FOR TOP QUALITY TRADITIONAL MEATS

SHOWING THE BERKSHIRE PIGS

Show success to date 

Many many Berkshire breed championships, but the pinnacle was winning the Berkshire 'Champion of Champions' 2009 and then again in 2013.  (This last winning sow has been Reserve Champion to much younger boars in 2014 and 2015.)  This event at the Berkshire County Show is where the winners from the year's shows come together at Newbury in September for a contest to find the best on the day.  My winner in 2009 was an in-pig gilt Dittisham Lady 3669, seen in the banner above.  In 2013 it was the sow Kilcot Mermaid 7.


Shows usually attended, with cattle or pigs:

Devon, Bath & West, Cornwall, Mid Devon, Okehampton, Newbury

Selection for showing

Initial tenative selection takes place when the litter is examined and notched at 10 days old.  The best pigs then are invariably the best pigs later.  Detailed notes are taken re teatlines, markings, relative weight within the litter, mouth correctness, and any unusual features.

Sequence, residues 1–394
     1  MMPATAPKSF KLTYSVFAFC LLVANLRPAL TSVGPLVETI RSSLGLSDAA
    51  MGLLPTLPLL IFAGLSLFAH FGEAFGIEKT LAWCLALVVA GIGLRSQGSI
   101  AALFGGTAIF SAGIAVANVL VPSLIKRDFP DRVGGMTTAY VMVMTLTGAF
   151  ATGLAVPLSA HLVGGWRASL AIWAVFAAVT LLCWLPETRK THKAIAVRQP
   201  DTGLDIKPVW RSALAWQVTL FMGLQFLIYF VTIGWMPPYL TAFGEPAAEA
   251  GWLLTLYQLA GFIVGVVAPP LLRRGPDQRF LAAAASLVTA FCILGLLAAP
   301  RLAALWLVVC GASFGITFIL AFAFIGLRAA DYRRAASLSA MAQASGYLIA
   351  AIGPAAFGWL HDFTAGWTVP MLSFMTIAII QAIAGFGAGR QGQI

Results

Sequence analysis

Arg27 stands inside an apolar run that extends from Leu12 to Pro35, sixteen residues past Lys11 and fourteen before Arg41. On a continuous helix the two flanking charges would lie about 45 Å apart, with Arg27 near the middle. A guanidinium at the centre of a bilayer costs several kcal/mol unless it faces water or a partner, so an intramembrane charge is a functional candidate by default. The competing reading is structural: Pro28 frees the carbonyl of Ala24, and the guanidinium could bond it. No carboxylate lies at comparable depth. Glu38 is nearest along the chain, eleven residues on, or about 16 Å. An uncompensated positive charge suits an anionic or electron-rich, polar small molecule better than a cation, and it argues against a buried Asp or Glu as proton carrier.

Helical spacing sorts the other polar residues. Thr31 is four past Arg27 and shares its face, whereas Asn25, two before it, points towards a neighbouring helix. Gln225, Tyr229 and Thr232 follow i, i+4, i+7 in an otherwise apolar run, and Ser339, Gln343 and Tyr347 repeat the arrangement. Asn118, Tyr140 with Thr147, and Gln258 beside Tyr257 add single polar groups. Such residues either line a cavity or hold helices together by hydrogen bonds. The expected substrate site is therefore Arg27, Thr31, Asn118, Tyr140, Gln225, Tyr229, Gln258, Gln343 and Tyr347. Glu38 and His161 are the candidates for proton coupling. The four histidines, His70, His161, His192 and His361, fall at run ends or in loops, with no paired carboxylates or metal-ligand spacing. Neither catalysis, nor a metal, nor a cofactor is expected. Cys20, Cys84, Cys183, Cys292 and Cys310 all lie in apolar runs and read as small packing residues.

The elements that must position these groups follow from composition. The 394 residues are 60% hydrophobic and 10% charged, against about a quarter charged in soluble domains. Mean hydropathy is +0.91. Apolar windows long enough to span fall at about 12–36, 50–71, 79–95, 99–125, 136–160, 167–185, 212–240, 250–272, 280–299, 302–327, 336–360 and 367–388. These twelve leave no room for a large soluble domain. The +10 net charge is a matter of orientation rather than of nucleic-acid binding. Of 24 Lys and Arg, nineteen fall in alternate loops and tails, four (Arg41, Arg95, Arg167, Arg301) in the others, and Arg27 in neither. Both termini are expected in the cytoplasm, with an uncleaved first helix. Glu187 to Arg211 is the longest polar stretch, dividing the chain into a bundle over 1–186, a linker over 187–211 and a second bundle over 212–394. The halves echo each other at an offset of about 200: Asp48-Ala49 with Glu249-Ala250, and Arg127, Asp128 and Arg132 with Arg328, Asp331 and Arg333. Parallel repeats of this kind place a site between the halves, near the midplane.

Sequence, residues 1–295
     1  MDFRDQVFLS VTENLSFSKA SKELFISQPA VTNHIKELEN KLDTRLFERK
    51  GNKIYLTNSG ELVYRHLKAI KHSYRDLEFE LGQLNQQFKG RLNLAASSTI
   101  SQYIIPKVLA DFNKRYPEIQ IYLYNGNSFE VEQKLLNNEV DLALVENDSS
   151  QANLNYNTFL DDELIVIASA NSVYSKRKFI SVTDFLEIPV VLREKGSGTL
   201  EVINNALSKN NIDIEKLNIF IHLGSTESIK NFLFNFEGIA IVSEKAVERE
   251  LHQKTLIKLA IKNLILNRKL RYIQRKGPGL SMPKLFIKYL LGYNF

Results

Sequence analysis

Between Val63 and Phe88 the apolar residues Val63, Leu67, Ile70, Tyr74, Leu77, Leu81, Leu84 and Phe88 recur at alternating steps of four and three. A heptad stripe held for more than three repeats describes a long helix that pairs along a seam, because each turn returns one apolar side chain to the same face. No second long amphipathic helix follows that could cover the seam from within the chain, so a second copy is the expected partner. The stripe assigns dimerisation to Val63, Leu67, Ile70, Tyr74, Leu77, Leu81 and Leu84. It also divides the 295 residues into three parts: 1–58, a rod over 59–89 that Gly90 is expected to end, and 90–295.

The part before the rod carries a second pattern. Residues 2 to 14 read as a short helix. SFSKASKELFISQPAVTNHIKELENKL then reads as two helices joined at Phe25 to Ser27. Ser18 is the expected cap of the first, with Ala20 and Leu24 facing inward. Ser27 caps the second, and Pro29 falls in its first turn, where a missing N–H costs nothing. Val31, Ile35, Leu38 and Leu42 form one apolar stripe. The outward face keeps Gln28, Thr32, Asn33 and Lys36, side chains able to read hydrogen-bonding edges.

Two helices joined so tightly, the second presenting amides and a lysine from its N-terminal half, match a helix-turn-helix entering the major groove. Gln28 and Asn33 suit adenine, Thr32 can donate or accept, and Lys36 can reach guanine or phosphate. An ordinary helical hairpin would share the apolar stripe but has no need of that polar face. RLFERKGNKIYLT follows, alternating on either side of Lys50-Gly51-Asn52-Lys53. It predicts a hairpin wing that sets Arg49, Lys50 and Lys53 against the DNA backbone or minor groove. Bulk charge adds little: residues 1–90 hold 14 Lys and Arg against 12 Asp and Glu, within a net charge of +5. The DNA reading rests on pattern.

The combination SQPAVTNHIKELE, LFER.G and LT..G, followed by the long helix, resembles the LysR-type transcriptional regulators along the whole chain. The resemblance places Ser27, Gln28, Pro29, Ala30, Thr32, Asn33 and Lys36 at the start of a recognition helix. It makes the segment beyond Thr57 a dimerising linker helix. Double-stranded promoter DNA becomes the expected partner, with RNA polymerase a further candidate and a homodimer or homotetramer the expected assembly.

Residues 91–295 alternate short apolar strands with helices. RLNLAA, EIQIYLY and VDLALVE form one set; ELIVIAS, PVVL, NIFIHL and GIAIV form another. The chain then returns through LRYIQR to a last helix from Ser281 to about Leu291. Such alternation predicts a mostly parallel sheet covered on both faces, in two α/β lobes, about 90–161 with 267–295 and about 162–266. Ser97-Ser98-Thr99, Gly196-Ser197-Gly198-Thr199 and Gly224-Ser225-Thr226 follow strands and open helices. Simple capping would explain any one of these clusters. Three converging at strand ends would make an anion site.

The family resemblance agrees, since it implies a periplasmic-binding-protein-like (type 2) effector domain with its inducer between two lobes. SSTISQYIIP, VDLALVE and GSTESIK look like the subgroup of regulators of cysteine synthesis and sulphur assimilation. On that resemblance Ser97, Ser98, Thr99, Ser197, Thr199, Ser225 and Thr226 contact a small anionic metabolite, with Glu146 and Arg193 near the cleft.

Good underline or 14 even teats is most important....

Sows can have up to 14 piglets so 14 teats are required; so pigs without 14 nicely spaced teats are usually rejected as breeders.

Training for showing

None !  Pigs do not respect a board and stick at home, but it only takes one show to train them to a good standard....

Show time 

Showing is fun - other pig show people are invariably friendly and keen to help beginners.  The Berkshire breed classes are divided into age / sexed classes, followed by a play-off for the best female, a play-off for the best male, then a play-off for the overall Breed Champion.  The skill is to get your pig into the right mood for the time of the class.  This means feeding her carefully in the morning so that she isn't asleep but keen to come out and forage BUT not so hungry that she eats the ring rather than walk around it.  Delicate balance!  Little pigs will run away occasionally and delight the audience, but older pigs tend to be reasonably easy to show, walking around guided by the board (which blocks their vision and stops them even thinking of going that way) and the stick (which they instinctively move away from).  Keeping an eye on the judge is essential as he gazes around the ring looking to confirm his placings.

Success won the chance to be sculpted, for my sow Dittisham Lady 22

Sculpted by Nick Bibby contact him at bibby620@btinternet.com if you have a few £000 to invest in one of the 12 limited edition bronze castings.  Exhibited at the London Sladmore Gallery, March 2010.